Here are two distinct dams mentioned. The latter dam was almost opposite the angle of present Arlington street, and when constructed was across the stream. The former must have been a wing dam perhaps from [p. 77] the two islands then at that point in the river. That particular piece of ‘medow land’ is shown on Plan of Smith Estate in 1870 as of ownership of ‘Cutter,’ and for years later the marsh grass was annually cut there. Having made his enumeration and description of the three parcels, Prout mentioned the various appurtenances thereto belonging, and while specifying a dwelling house, did not mention any mill building on either side the river. Notice, at that time twelve years had elapsed since Medford petitioned the General Court, and fifty-four (or more) since Broughton built his mills, to which in his deed Prout referred not as mill, but as a ‘millstead.’ With the lapse of years, the adverse decision of the court in the Symmes damage case, which must have been attended with loss of power, and the discontinuance of the Woburn road thereto, the Broughton ‘millstead’ must have been decadent. By acquiring of Prout the acre and three quarters of meadow land in Medford, Jonathan Dunster, who lived opposite, by building a mill on this ‘suitable place’ in Medford could supply the needs of Medford people and his mill be ‘a Convenience of places Adjacent.’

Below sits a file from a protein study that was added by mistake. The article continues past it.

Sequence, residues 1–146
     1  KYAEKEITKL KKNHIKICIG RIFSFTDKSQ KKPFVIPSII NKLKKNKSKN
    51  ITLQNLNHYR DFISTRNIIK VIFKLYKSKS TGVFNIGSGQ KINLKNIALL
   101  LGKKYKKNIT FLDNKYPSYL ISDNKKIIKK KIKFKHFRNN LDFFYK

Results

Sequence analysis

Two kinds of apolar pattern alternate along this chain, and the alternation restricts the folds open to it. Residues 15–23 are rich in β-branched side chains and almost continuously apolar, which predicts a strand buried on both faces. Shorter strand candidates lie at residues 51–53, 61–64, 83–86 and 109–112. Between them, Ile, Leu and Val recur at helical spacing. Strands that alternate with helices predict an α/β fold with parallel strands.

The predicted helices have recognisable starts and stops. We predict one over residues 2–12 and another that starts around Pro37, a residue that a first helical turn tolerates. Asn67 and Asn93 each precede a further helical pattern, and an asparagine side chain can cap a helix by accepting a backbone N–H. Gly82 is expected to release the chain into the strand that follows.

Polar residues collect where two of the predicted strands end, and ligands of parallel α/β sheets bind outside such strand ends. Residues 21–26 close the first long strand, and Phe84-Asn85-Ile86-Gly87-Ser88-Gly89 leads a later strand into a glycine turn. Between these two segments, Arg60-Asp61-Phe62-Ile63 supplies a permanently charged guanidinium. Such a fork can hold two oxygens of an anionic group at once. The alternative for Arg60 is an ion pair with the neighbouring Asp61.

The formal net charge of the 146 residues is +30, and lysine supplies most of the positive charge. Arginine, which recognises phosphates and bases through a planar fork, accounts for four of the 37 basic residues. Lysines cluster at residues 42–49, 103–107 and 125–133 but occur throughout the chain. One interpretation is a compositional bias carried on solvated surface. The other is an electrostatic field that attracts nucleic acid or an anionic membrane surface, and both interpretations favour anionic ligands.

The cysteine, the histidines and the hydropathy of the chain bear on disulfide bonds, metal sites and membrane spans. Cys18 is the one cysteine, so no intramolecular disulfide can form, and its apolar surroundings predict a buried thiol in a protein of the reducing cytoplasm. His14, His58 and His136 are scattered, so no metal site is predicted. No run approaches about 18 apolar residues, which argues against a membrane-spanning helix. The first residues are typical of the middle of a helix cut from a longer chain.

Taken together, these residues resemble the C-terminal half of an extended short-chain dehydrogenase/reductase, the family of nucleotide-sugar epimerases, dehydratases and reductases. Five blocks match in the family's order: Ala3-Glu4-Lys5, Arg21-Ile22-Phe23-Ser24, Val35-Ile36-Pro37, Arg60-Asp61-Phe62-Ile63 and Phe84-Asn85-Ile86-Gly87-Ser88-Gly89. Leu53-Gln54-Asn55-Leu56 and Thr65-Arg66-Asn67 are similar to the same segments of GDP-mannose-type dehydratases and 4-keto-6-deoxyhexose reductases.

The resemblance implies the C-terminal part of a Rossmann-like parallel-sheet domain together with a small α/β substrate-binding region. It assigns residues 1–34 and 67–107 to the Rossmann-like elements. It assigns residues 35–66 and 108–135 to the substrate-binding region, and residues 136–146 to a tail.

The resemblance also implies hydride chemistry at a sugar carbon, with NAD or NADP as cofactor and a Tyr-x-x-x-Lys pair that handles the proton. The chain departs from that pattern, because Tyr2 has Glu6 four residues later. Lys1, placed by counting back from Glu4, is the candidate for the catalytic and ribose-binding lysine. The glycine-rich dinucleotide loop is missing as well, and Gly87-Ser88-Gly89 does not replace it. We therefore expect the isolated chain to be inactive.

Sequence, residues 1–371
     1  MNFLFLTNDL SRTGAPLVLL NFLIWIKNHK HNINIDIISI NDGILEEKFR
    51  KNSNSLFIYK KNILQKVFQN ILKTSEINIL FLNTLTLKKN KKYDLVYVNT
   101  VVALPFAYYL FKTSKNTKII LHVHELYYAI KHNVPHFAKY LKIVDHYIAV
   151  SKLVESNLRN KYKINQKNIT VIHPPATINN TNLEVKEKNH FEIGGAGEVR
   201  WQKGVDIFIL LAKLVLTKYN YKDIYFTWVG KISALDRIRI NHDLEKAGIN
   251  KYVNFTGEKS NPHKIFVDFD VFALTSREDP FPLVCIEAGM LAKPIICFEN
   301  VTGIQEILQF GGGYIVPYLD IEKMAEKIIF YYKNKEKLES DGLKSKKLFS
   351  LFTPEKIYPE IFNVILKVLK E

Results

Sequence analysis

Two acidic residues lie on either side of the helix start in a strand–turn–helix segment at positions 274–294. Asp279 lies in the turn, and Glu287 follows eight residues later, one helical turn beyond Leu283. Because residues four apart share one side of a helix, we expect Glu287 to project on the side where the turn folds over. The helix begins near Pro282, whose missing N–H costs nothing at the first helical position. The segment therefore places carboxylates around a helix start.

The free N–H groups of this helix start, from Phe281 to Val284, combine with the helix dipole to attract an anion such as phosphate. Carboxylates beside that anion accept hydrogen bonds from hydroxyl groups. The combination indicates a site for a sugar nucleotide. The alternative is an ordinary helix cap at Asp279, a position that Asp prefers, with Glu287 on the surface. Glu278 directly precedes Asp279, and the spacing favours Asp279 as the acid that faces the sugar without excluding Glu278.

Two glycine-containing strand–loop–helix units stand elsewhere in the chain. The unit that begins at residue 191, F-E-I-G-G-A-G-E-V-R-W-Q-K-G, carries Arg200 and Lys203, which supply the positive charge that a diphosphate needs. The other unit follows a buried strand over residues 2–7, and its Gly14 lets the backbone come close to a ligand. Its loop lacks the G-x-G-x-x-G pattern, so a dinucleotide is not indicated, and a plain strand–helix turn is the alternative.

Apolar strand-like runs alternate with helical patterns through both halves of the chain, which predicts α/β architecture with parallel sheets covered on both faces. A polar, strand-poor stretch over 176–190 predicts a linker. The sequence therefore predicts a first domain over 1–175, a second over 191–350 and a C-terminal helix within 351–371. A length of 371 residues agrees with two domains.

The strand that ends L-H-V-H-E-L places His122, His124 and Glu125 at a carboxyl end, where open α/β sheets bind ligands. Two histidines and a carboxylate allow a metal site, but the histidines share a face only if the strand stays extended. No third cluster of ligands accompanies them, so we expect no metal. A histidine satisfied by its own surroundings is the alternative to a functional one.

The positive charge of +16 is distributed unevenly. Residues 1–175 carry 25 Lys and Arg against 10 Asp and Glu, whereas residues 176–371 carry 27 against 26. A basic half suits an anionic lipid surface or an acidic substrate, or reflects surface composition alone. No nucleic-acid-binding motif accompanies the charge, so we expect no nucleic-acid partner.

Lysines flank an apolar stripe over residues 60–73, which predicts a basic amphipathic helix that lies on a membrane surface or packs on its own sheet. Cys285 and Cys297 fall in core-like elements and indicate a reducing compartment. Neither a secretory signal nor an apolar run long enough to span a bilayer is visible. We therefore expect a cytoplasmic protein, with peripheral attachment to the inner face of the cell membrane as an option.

We regret that at the time of the unearthing of the remains of that old mill Mr. Hooper was absent from town, and so never saw them. Had he, with his mechanical knowledge he could have explained many things that are beyond our ken, and we know no other to whom we can appeal. At an interview, he furnished us the following from the Middlesex Court File of June, 1679, in case of Prout vs. Dunster, et al.:

I Thomas Gleison aged abt. 66: years do testifie yt when I was tenant to Mr Henr Dunster wch is now neere 20: years past & then occupied his farme house adjoyneing to Cambridge Comon on ye west side winottime the said Dunster told mee yt he had sold a highway for the use of Misticke Mill, and then he told mee that ye said highway was to pass through his land from the Mill to Cambr. Comon, and asked mee whether it were better it should by thorow ye yard adjoyneing to ye sd Gleisons then dwelling-house, or on ye other side of ye Lott next Goodm. Russells lott. Whereupon I told [p. 78] him that unless it were fenced out, it were fare better yt it should by thorow ye yard for yt was in sight, whereupon Mr Dunster thanked mee for my advice, & prayed mee yt people might passe wthout disturbance, wch they did accordingly while I was there, also he told mee yt he had received ten pounds for ye same.

Taken upon Oath, 23, 4, 1676

Before Thomas Danforth, Assistt.

The ‘Cambridge Comon’ in the above was the common or pasturage land of Cambridge, which then included Lexington in its bounds. Referring to Henry Dunster's deed to Broughton (see register, Vol. XIII, p. 10) we find conveyance of

two Rods broad for a highway (from the sd Mills) to go too & fro betwixt the said Mills & Concord way throu all the land of the said Hen. Dunster till it shall come to the publique country highway to Concord,

and that Thomas Gleason was one of the witnesses to the same on March 6, 1656. Evidently this was the ‘Wayes’ mentioned in Prout's deed of 1710 and corresponds to present Winter street in Arlington.

As pertinent to these conveyances and the site of the old Broughton mill we refer to our frontispiece and acknowledge the forethought and interest of Mr. Hooper in securing the two views of the mill site just before obliteration.

1 Middlesex Registry, Book 15, page 201.

2 See register, Vol. XII, p. 10.